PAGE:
This is the first time I've seen Chinese-made "kokeshis" so I'm not terribly concerned that we're seeing a trend. However, these things are not just an insult -- they show how easy it would be to bring in Chinese-made fakes and sell them as the real thing. I am sorry to have to have shown these things on a blog dedicated to kokeshis and their makers, but I wanted to let all that read this blog to know about this and to be aware. Basically, if you're going to spend your money on kokeshis then buy the real thing!      

Monday, September 16, 2013

Desert Kokeshi 17 砂漠のこけし17

After our trip to the dunes my friend Atique took me out to lunch at a vegetarian south Indian restaurant. I have to admit that until this time it had not occurred to me that there were any variations in Indian food. But of course there are regional differences, and this restaurant's specialty was vegetarian dishes from the south, including some curries, a wonderful peanut dish, and fried cheese in a kind of sweet and sour sauce. Overall everything was unique and thoroughly delicious! 
The kokeshi agreed that south Indian cuisine is delicious.
After lunch Atique and I parted ways, and then the driver took me to the spectacular Museum of Islamic Art on the waterfront (Corniche) in downtown Doha. It was the famous architect I.M. Pei's last project, and words hardly do it justice. It is a world-class structure that will become (if it isn't already) a crowning symbol of Doha and Qatar. I cannot praise the museum building enough -- it really is amazing.
Part of Doha's waterfront. Those traditional boats are dhows, and are chiefly used for tourist excursions today. 
This sign greets visitors as they approach the museum.
That's the museum building in the background. The park-like grounds are surprisingly lush and green, the result of lots and lots of water.
The building is modeled on an old fort. If you look closely at the top you'll see two crescent-shaped slits that are meant to represent a veiled woman's eyes. A very nice touch. 
While the exterior of the Museum of Islamic Arts is spectacular, I would have to say that the inside is even more so as you'll see in the photos below. The interior was inspired by a mosque that Mr. Pei visited, which is fitting. It was so nice that I just wanted to sit and stare up at the ceiling. I could tell that many people were hanging out and enjoying the view from the large picture window, and simply being in such a beautiful place. I was able to see about half the collection on display, so I guess I'll have to return in the future to see the other half. Of what I got to see I was very impressed -- the Qataris have created a top-notch museum with a tasteful, well-curated collection of Islamic-themed art objects. Visits are free of charge by the way, and kokeshis are always welcome. If you'd like to learn more about the Museum of Islamic Art click here to visit the official web page.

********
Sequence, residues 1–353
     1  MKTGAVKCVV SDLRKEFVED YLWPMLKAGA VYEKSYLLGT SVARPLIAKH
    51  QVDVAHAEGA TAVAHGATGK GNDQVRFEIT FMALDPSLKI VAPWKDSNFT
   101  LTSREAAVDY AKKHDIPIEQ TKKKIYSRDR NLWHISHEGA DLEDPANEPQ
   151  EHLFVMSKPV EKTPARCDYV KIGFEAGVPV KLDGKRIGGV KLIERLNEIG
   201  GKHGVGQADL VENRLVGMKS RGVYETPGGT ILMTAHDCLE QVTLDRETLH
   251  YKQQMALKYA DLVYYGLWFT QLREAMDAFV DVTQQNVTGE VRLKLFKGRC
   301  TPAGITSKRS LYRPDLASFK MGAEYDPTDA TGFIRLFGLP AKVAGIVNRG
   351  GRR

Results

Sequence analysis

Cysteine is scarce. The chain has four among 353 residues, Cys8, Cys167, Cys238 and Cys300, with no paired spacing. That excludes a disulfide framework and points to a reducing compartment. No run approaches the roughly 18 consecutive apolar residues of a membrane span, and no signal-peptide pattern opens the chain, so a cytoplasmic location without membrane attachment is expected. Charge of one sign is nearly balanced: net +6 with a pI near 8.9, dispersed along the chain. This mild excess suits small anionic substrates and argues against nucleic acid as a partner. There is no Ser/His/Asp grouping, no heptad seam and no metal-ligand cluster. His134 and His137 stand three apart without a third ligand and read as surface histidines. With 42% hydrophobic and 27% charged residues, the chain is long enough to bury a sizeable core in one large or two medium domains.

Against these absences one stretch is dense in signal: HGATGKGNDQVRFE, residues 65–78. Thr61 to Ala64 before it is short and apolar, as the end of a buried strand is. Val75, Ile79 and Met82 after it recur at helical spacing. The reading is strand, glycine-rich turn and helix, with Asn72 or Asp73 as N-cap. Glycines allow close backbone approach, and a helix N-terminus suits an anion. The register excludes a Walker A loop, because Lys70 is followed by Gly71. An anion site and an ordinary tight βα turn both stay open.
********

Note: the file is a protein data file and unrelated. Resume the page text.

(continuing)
The fountain in the atrium. 
The atrium stairs.
Another view of the atrium stairs.
Looking up at the ceiling in the atrium. 
This window looks out onto the water and provides a great view of Doha's new skyline. 
One of the display rooms on the second floor. Everything in the museum was interesting, and guests are welcome to take as many photos as they like.
Looking up at the ceiling and skylight. 
A Coke is always nice after a trip to the museum. 
After the museum I was taken on a quick drive to see the buildings in the new part of Doha. Honestly, it was as though I had entered into the old computer game Sim City. The architecture was amazingly futuristic and bold, and I'm certain the someday Doha is going to be a world-class city. In fact, maybe it already is.

And so ended a splendid trip during which the Togatta kokeshi and I got to see more of Qatar. It also marked the end of the big Desert Kokeshi Adventure that I've been writing about over the last few months. From now on I'll be back in Japan with Naoko and the girls, traveling around Japan and having all new Japanese kokeshi adventures. I look forward to writing about them soon.